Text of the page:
Attack a sacred Python Cow
Lie.1296 at gmail.com
Sun Jul 27 13:28:55 CEST 2008
On Jul 27, 2:48 am, "Russ P." <Russ.Paie... at gmail.com> wrote:
> > If, as I wrote, you permit the omission of "self" in method signatures
> > defined within class definitions, then you could still insist on
> > instance attribute qualification using "self" - exactly as one would
> > when writing Java according to certain style guidelines.
> I'm not sure exactly what people mean here by allowing "self" to be
> "omitted" in method signatures. If it is omitted, then it seems to me
> that a place holder would be needed to the interpreter that the first
> argument is not just another name for "self."
> In an earlier post on this thread (don't feel like looking it up at
> the moment), someone suggested that member data could be accessed
> using simply ".member". I think he might be on to something. The dot
> is a minimal indicator that the data is a class member rather than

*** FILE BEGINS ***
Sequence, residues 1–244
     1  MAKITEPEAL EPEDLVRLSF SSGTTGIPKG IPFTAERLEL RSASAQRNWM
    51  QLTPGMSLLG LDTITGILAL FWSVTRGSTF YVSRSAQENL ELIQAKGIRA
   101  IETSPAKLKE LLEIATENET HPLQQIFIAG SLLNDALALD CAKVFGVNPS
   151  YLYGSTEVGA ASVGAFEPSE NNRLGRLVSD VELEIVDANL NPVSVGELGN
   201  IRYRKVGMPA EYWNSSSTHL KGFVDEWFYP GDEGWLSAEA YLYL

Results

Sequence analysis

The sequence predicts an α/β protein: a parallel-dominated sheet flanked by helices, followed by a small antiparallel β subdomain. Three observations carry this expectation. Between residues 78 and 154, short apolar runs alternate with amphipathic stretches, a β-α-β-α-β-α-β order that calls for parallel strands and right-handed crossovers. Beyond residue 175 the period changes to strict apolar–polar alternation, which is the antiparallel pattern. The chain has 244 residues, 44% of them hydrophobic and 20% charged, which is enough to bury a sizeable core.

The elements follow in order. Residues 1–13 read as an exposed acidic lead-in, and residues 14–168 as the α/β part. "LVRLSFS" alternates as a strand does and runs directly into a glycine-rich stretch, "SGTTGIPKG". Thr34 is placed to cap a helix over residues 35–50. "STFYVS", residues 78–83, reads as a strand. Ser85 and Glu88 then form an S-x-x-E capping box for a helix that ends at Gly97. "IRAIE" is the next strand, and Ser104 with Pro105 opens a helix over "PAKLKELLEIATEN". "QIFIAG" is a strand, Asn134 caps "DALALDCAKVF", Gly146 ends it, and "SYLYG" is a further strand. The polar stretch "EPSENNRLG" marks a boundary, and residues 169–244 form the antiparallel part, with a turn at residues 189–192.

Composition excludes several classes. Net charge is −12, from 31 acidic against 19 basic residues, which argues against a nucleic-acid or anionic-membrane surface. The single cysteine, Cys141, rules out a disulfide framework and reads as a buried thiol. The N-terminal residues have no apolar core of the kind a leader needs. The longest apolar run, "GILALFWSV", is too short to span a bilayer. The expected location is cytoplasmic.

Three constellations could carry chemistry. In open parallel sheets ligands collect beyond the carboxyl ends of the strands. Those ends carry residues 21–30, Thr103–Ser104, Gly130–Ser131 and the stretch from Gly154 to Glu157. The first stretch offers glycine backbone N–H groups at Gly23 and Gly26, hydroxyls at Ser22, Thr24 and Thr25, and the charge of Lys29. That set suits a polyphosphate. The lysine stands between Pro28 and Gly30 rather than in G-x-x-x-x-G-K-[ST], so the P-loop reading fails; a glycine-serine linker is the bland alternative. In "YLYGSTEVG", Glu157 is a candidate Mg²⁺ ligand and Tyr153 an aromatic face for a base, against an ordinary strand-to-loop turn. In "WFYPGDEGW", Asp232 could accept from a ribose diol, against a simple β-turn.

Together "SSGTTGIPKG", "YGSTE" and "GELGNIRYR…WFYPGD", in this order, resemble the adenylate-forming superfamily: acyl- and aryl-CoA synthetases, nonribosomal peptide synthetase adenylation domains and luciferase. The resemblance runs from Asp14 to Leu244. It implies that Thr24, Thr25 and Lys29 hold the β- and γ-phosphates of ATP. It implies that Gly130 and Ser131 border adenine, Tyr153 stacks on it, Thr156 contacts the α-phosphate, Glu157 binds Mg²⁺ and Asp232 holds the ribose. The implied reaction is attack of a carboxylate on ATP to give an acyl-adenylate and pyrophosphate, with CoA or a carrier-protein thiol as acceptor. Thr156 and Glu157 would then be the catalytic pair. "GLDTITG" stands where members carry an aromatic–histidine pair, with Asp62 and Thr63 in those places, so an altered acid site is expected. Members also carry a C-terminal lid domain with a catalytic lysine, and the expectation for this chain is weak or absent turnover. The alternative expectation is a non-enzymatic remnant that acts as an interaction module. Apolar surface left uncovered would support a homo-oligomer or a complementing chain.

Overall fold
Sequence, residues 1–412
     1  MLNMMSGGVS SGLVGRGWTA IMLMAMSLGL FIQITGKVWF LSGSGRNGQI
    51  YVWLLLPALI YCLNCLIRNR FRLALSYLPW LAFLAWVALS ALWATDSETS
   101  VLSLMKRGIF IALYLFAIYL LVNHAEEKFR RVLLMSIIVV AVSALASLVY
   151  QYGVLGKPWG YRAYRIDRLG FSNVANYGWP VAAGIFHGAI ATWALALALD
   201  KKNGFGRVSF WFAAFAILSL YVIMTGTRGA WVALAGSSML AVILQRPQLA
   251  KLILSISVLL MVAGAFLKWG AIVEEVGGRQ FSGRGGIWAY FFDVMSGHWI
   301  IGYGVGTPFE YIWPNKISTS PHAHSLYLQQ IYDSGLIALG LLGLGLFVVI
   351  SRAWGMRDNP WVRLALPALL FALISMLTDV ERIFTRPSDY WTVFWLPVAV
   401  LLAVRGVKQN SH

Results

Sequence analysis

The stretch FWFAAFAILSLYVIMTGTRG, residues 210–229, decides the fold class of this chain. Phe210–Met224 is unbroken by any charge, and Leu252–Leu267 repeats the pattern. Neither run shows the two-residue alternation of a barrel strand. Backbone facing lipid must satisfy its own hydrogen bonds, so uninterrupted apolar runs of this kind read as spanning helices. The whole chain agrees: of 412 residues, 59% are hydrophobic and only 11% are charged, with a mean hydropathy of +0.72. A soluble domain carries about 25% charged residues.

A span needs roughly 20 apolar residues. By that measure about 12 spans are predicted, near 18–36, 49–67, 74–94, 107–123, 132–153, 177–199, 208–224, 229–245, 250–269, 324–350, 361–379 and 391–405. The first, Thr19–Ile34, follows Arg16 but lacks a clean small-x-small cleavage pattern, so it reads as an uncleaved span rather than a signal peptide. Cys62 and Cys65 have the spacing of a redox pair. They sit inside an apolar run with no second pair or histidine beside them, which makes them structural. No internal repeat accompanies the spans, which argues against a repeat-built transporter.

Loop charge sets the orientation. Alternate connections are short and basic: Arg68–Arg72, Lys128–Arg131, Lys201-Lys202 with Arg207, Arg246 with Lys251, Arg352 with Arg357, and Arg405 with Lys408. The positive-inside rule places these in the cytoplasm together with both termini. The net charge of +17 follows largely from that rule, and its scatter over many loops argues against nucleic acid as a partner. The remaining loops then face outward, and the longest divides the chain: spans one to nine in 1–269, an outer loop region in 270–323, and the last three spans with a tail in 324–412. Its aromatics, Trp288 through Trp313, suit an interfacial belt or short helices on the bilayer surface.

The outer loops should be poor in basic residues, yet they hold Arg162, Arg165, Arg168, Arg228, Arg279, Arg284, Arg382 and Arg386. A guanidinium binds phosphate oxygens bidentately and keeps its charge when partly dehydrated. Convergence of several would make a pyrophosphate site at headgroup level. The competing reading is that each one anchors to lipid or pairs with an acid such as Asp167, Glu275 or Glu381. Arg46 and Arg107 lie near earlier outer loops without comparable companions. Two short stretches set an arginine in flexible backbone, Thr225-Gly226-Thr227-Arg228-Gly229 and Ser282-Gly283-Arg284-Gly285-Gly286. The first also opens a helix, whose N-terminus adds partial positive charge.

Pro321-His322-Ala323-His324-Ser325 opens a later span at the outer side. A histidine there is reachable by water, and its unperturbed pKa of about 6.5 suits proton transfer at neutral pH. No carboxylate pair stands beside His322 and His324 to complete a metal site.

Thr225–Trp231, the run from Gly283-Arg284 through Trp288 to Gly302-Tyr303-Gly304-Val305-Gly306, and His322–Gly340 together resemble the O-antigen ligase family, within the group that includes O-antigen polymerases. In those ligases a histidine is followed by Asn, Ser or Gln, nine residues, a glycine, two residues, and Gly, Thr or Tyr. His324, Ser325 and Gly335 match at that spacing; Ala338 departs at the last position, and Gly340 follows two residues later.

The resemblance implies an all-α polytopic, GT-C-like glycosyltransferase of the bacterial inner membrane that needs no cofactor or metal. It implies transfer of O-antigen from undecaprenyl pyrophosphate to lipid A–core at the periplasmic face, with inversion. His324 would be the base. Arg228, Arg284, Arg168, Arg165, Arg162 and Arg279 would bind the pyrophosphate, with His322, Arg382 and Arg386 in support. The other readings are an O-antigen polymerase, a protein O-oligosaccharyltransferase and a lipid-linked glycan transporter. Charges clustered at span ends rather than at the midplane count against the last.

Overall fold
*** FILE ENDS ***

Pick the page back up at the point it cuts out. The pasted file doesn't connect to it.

> just local. However, a placeholder is still needed in the signature.
> So why not allow something like this?:
> class MyClass:
> def func( , xxx, yyy):
Why not? Because that would make someone new to python scream in
> .xxx = xxx
> local = .yyy
OTOH, this might come as a handy syntax sugar, this is like With
Statement in VB, although in VB, you have to state explicitly what you
want to call implicitly when using something of the .methods. But I
think implementing this might come with a heavy toll to the parser.
> The "self" argument is replaced with nothing, but a comma is used as a
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